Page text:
When the driver of the vehicle presses the ON/OFF button BNF of the multimedia system or a steering column control CV, the management module, implemented by the vehicle central unit BCV, supplies power to then wakes up the multimedia appliances—display, car radio, CD changer, etc.

A further press on these controls or closing of the vehicle by the driver causes the vehicle central unit BCV to send a request to switch off multimedia appliances among other things, and then their power supply to be cut off so as to allow the power supply manager time to perform the memory backups.

When the vehicle is asleep, the power supplies of all the multimedia appliances are cut off so that their electrical consumption is zero.

With this exemplary embodiment, the consumption of the system when the vehicle is asleep becomes:

    • display: 0 mA
    • car radio: 0 mA
    • CD changer: 0 mA
      or 0 mA in total.

With a system comprising a larger number of units, the consumption saving is greater.

In the example of FIG. 6, all the means for waking up the system, even partially, have been combined on the vehicle central computer BCV, which is permanently powered by the +Bat signal from the battery. As previously, it manages time and stores context information for all the computers of the multimedia system that it powers, wakes up and puts to sleep. In addition to the steering column controls CV and the ON/OFF button BNF of the multimedia system, the vehicle central unit is linked to an emergency call button BA and to a rear video system operation button B′NF.

The front screen or display A has a switched power supply Salim and a specific wake-up/sleep signal SRE so as to be able to be woken up separately, to display the time and the temperature, when the multimedia system is off.

The rear video system, consisting of a DVD player LD, a tuner TV and a rear screen EA has a switched power supply S″alim and a wake-up/sleep signal S″RE that is different from those SRE and S′RE that respectively power the display and the multimedia modules such as the car radio R or the hands-free telephone kits Kt in particular, located in the front of the vehicle, so as to be able to be woken up separately when the rear passengers request its activation while the multimedia system is off.

In the sleep phases, the multimedia computers return their context information to the vehicle central unit for storage, via the multimedia data network RD (CAN, MOST, IEEE 1394, . . . ). The vehicle central unit returns the information on wake-up.

When the vehicle and the multimedia system are asleep, the standby consumption of the multimedia system is zero, since their power supply is cut off, whereas it is around 7.5 mA with the conventional arrangement.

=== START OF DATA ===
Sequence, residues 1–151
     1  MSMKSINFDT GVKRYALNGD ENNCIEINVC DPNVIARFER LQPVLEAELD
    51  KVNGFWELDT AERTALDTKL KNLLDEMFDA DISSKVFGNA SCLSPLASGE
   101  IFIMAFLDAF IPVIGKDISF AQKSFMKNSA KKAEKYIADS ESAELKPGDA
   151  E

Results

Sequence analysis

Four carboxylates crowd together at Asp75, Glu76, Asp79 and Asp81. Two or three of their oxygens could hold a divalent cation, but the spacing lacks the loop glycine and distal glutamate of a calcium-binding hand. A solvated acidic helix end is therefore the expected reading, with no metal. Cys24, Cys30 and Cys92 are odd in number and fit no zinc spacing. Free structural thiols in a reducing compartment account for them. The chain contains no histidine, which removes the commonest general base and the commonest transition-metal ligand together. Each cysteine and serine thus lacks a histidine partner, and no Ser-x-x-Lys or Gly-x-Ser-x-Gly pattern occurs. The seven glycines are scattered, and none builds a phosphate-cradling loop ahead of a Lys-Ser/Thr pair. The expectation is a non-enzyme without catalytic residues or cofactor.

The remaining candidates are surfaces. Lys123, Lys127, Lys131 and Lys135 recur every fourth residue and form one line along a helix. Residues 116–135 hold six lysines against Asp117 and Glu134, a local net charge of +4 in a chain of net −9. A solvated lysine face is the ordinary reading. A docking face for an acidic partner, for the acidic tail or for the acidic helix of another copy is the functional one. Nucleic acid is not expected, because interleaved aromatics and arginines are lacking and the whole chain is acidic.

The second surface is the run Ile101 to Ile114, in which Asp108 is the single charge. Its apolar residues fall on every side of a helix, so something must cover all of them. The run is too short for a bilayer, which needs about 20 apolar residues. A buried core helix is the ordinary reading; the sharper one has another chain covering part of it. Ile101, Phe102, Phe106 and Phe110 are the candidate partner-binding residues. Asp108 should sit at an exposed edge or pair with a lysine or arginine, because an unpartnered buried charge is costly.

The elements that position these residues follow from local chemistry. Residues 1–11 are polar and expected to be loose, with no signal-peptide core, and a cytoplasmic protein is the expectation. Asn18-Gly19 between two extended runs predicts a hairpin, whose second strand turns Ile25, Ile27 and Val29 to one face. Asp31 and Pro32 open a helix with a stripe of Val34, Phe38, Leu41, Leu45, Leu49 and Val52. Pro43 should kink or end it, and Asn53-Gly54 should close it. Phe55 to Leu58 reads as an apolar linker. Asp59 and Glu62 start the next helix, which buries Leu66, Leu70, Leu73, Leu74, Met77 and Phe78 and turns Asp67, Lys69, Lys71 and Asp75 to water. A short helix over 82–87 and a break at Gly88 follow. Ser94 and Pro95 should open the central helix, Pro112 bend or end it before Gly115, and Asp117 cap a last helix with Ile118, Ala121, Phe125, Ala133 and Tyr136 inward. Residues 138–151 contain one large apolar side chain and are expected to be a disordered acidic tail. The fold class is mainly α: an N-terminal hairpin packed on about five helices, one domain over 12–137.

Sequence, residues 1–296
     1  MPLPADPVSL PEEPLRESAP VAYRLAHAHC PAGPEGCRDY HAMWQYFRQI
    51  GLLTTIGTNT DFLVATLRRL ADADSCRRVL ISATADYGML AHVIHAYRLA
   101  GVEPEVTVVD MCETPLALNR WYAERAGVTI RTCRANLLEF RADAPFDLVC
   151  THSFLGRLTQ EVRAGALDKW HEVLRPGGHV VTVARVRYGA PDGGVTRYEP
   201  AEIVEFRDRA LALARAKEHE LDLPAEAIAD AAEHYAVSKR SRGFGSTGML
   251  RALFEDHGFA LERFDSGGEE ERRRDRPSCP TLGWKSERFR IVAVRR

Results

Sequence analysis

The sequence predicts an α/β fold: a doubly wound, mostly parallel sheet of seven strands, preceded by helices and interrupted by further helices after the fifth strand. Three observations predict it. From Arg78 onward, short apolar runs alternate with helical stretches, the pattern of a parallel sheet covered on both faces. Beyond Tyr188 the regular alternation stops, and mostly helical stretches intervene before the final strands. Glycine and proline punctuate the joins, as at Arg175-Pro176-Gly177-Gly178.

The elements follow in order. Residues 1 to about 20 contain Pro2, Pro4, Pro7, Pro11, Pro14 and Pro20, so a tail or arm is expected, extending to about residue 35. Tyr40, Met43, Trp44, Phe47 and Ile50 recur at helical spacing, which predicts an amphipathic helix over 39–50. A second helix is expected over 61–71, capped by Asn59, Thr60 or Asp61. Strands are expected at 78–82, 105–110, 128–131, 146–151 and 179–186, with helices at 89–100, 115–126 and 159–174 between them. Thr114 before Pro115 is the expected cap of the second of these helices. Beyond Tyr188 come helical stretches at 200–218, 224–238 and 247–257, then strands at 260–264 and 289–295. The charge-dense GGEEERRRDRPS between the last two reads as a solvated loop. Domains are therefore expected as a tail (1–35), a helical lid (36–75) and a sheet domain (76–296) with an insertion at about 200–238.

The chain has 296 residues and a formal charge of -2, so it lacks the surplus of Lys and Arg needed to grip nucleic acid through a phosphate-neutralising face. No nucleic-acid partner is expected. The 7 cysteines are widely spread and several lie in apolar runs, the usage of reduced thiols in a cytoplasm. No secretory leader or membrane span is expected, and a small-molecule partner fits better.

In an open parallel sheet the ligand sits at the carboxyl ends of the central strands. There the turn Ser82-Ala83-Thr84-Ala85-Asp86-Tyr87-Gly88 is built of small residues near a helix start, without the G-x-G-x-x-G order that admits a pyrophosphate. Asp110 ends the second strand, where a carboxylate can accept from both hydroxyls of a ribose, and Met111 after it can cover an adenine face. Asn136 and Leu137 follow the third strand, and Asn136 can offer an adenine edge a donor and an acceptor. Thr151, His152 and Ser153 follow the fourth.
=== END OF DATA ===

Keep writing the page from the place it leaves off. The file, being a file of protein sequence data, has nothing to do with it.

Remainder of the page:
Another embodiment of the same principle would be to have a single power supply and a single signal for waking up then putting back to sleep the appliances not involved in the wake-up using messages over the multimedia data network.

In a second embodiment the management module is implemented by a module of the multimedia system, which can be, for example, a car radio R in the example of FIG. 7. The vehicle central unit BCV is permanently powered by the battery and delivers to the car radio R a permanent power supply signal +Bat and wake-up/sleep signals SRE from the vehicle for switching it on or switching it off, such as those for example from the ignition key or from the magnetic vehicle locking card indicating whether the accessories need to be powered, or if the key is in the after-contact position +APC, the state of the engine, in operation or stopped, the state of charge of the battery. The car radio R is also linked to the vehicle data CAN network which can itself broadcast additional information.

Furthermore, it must be linked to the ON/OFF button BNF and to the steering column controls CV of the multimedia system, or to an optional emergency call button BA intended to send it wake-up or sleep commands.

The fact of being permanently powered by the battery enables the car radio R to keep the time, to save certain data in volatile memory, to monitor the state of the ON/OFF button BNF or of the steering column controls CV provoking a sleep signal. The car radio R is linked to the display A and to the compact disk changer C of the multimedia system, for which it controls the electrical power supply by a switched power supply signal S′alim and S″alim respectively and their waking-up or their putting to sleep by a respective signal S′RE and S″RE. It does not necessarily supply them with power and wake them up together, because when the user arrives, the car radio can be programmed to supply power to and wake up the time and outside temperature display, while keeping the CD changer off until the user decides.

When the driver of the vehicle presses the ON/OFF button of the multimedia system BNF or a steering column control CV, the car radio R wakes up and electrically powers the display A and the compact disk changer C. When the display is on, it displays the time and the outside temperature that is sent to it via the vehicle CAN network then via the car radio and the multimedia data network RD.

A further press on the OFF button of the system or closure of the vehicle by the driver provokes a sleep request for the display and the compact disk changer, by the car radio which stops supplying power to them. During the sleep phase, these two elements of the multimedia system can return certain information to the volatile memory of the car radio, which will restore this information on the next wake-up via the multimedia data network RD. Thus, when the vehicle is asleep, the power supplies for all the multimedia modules are cut off except for the car radio which consumes only a standby current of around one milliamp.